Machine learning could improve clinical predictions in ER departments

Machine-learning models could be used to help improve the prediction ability of emergency room (ER) triage methods after a JAMA study showed the technology was better at making clinical predictions than traditional approaches.

The findings could help improve clinical prediction methods used for triaging and improve resource allocation at ER departments.

“Emergency department triage systems strive for an appropriate balance between undertriage and overtriage because of the trade-offs between these 2 factors. In the current study, the machine-learning approaches demonstrated a higher sensitivity for predicting the critical care outcome than the conventional approaches,” Tadahiro Goto, MD, a research fellow at Massachusetts General Hospital, et al. wrote.

Due to steady increases in volume and acuity of patient visits to ERs, the ability to accurately differentiate and prioritize patients in triage has become increasingly important. According to the study, current triage systems have suffered from overcrowding and are suboptimal when differentiating critically ill children.

To address the issue and provide higher quality, timely care, researchers suggested triage systems must be optimized to avoid undertriaging critically ill children, while also reducing overtriaging in ERs.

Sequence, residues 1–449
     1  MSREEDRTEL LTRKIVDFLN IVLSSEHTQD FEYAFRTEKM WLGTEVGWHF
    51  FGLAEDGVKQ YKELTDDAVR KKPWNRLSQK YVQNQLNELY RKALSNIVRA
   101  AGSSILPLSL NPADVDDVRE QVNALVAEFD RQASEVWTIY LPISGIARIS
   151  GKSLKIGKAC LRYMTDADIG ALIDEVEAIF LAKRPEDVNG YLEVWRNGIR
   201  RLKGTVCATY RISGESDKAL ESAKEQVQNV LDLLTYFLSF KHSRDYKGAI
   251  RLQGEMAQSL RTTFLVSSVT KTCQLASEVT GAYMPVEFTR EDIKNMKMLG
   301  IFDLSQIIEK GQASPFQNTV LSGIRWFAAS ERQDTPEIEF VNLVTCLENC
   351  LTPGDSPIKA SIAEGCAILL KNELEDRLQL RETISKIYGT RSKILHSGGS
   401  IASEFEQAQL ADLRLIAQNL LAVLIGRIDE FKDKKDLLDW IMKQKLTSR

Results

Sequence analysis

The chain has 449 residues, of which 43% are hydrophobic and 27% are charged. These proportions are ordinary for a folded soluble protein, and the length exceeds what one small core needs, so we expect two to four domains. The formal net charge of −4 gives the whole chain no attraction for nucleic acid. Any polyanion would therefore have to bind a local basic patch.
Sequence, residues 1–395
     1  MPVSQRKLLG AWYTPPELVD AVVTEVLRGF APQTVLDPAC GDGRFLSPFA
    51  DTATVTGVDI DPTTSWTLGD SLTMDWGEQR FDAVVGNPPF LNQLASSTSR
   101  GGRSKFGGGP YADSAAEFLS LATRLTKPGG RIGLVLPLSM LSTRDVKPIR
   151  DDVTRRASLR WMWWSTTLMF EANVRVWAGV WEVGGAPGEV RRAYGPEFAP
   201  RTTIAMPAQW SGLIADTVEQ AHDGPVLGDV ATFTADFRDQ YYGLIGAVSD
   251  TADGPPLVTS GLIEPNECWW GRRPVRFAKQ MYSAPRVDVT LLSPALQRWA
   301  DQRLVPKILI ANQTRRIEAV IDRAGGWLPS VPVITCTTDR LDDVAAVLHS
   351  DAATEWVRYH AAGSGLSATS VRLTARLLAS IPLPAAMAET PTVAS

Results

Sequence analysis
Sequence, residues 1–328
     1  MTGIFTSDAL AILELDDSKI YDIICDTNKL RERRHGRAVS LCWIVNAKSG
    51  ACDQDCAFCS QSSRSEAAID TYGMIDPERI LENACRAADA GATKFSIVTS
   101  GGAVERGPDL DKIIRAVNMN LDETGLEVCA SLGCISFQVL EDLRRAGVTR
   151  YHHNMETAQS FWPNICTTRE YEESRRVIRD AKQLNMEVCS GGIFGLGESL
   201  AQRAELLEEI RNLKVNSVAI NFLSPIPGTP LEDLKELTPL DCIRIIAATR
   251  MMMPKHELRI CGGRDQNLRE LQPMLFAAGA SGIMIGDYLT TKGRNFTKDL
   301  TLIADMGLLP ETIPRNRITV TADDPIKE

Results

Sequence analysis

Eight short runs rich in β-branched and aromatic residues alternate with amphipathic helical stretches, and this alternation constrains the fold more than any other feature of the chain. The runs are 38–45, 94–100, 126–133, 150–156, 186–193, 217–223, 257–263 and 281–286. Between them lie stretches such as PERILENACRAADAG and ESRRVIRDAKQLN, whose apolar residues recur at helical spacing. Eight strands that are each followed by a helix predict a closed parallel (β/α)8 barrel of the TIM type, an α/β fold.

Researchers at Cardiff University recently used AI methods to develop a clinical prediction model for more accurate and reliable prognosis of patients with cardiovascular disease. 

For the study, researchers used a dataset of 52,037 ER visits by children between 2007 and 2015. Seventy percent of the data was used to train and develop four machine-learning models to predict the probability of two clinical outcomes: critical care and hospitalization.

The critical care outcome was defined as either a direct admission into an intensive care unit (ICU) or an in-hospital death. The hospitalization outcome was defined as either an admission into an inpatient care site or a direct transfer to an acute care hospital. The machine-learning models were better at predicting clinical outcomes when compared to traditional approaches, according to the study.

When predicting clinical care outcomes, the traditional model had the lowest discriminative ability, while all four machine-learning models had a high discriminative ability. When predicting hospitalization outcomes, the traditional model again had the lowest discriminative ability, while the machine-learning models’ discriminative ability was “significantly higher.”

“Recent studies have reported that machine-learning approaches improve predictions on traumatic brain injury in children, unplanned transfers to the ICU, in-hospital mortality in ED patients with sepsis, and hospitalization in patients with asthma or chronic obstructive pulmonary diseases,” Goto et al. wrote. “The present study builds on these prior reports, and extends them by demonstrating the superior ability of modern machine-learning approaches to predict the clinical outcomes and disposition in a large sample of ED visits by children.”

Though additional validation is needed, researchers said the findings “present an opportunity to apply advanced prediction approaches to support the clinician’s [ED] triage decision making, which may, in turn, achieve more accurate clinical care and optimal resource allocation.”